Established in 1994, UNCCD is the only legally binding international agreement on land issues. Its 197 Parties aim, through partnerships, to implement the Convention and achieve Sustainable Development Goals. The end goal is to protect our land, from over-use and drought, so it can continue to provide us all with food, water and energy. Droughts are the most far-reaching of all-natural disasters, causing short and long-term economic and ecological losses as well as significant secondary and tertiary impacts. To reduce societal vulnerability to droughts, there is a need to overcome the prevailing structures of reactive, post-hazard management approaches and to move towards proactive and risk management approaches.
Hence, one out of the five UNCCD strategic objectives is focusing on drought with the aim to “mitigate, adapt to, and manage the effects of drought in order to enhance resilience of vulnerable populations and ecosystems”. UNCCD’s focus on drought risk management is particularly on ‘prevention’ and ‘preparedness’ rather than ‘recovery’ measures. This prioritization was confirmed in COP 13 (2017) and COP 14 (2019) decisions. The COP guided, for example, the process of developing national drought plans and drought preparedness systems, promoted the use of the UNCCD drought resilience, adaptation and management policy (DRAMP) framework that aims to reduce drought risk and increase resilience and notably the COP requested the secretariat and the GM to implement a drought initiative (Decision 29/COP.13). In addition, most recently the COP decided to establish an Intergovernmental Working Group (IWG) on effective policy and implementation measures for addressing drought under the UNCCD (Decision 23/COP 14).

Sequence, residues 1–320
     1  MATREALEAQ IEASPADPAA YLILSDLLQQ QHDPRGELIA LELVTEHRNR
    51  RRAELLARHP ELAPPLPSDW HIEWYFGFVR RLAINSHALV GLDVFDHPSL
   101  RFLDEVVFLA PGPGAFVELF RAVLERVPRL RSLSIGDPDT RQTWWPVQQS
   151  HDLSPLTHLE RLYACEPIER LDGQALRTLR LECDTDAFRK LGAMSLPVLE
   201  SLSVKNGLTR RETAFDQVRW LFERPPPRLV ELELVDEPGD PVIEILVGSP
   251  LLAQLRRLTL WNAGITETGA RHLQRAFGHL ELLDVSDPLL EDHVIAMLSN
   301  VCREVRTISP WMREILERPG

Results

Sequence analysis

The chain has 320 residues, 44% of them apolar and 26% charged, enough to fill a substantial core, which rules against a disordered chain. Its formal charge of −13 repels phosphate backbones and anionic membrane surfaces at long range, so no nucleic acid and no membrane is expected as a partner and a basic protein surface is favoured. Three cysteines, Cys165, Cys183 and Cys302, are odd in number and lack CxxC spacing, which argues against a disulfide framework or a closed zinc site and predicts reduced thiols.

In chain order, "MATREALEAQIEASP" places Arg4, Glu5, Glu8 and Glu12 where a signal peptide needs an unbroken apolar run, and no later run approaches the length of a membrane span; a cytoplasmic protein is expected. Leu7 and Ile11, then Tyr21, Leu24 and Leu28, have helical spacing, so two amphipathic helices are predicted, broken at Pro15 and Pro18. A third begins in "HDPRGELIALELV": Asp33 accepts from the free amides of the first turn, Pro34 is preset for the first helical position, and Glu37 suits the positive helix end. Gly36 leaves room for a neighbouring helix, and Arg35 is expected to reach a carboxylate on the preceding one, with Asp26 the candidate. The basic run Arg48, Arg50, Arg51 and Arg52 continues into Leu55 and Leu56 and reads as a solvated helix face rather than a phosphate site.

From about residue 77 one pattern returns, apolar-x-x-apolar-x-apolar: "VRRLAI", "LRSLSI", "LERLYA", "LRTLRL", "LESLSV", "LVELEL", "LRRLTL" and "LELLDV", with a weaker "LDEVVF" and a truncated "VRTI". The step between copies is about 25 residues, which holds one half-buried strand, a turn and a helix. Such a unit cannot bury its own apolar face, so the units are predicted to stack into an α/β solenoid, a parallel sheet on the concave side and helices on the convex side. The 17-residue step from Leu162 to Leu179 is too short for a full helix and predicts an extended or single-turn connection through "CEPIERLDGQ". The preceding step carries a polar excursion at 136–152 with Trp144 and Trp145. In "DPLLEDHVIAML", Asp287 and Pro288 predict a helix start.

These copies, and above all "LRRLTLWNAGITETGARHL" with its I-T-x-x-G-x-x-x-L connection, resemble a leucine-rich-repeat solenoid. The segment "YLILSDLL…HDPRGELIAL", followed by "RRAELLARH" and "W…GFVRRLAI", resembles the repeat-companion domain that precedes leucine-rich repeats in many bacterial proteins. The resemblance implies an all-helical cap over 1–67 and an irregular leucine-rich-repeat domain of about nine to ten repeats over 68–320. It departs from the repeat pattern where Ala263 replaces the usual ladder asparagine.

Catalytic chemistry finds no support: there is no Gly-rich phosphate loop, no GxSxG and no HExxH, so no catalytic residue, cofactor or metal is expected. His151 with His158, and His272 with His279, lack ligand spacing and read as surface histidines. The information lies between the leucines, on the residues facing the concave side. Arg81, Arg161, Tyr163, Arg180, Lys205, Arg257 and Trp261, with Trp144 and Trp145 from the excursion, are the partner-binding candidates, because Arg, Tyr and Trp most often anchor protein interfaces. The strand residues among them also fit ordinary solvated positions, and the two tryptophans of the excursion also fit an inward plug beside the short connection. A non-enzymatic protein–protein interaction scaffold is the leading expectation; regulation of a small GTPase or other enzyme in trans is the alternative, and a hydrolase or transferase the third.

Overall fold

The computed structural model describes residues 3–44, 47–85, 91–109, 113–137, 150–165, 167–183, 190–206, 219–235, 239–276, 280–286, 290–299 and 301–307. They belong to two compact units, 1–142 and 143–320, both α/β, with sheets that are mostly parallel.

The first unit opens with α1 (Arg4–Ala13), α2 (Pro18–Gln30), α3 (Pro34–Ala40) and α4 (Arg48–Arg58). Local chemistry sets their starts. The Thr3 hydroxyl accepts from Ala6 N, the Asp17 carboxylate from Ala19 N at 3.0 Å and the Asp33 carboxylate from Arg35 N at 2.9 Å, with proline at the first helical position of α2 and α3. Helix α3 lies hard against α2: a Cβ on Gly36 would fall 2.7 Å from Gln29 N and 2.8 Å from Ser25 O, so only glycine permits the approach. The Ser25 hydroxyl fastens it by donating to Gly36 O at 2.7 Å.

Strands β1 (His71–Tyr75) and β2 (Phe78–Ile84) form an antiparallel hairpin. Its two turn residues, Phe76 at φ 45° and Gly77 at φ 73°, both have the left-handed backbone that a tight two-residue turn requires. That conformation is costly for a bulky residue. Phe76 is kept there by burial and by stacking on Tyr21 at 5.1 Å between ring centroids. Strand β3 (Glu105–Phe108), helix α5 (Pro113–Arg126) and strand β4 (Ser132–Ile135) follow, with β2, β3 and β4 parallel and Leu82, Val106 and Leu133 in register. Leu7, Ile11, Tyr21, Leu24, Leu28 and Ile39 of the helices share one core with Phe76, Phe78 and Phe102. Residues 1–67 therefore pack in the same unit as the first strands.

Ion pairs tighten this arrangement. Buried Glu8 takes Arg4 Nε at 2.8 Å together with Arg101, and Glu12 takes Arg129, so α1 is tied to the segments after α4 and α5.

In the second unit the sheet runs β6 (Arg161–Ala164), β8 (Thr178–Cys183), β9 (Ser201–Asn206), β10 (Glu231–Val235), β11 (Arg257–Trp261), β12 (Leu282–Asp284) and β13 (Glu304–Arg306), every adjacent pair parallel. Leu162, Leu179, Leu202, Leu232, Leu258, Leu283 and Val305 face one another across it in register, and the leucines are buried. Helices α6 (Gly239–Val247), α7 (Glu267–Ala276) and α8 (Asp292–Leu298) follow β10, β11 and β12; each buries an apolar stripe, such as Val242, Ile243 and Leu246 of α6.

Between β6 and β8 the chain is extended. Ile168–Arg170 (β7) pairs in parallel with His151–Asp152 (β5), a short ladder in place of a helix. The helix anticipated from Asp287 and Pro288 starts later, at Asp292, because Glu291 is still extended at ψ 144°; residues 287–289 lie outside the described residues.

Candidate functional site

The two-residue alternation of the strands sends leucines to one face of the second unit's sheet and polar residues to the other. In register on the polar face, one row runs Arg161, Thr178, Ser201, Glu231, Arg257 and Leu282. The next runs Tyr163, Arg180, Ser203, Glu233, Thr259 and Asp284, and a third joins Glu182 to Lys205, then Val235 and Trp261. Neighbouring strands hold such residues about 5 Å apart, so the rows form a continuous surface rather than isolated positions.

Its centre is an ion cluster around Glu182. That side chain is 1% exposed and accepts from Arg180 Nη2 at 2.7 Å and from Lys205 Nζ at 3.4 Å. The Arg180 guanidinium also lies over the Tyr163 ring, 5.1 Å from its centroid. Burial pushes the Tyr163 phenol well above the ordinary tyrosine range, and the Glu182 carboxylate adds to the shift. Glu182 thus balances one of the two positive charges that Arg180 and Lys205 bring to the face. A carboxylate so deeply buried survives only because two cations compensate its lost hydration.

Against this backdrop, UNCCD plans to designate a Collaborative Centres (CCs) in the field of drought preparedness, water security and related thematic areas in order to facilitate the implementation of the convention and achieve its current goals through up-to-date expert advice and engaging in scientific and technical cooperation with other institutions. Other areas will be identified as needs arise. The CCs would be key institutions with relevant expertise that represent a valuable resource as an extended and integral arm of UNCCD’s capacity to implement its mandated work. This would mean a diverse range of activities such as supporting with reliable data on drought monitoring and early warning systems, drought risk profiling and feasible drought risk mitigation strategies and implementation measures; providing expertise
on identified topics, weighing in high-level meetings and engaging in awareness raising. The CCs will be highly valued mechanism of cooperation in which they are recognized by UNCCD and its 197 Parties.
This is accomplished by supporting the achievement of planned strategic objectives at the regional and global levels; enhancing the scientific validity of its global work; and developing and strengthening institutional capacity in countries and regions.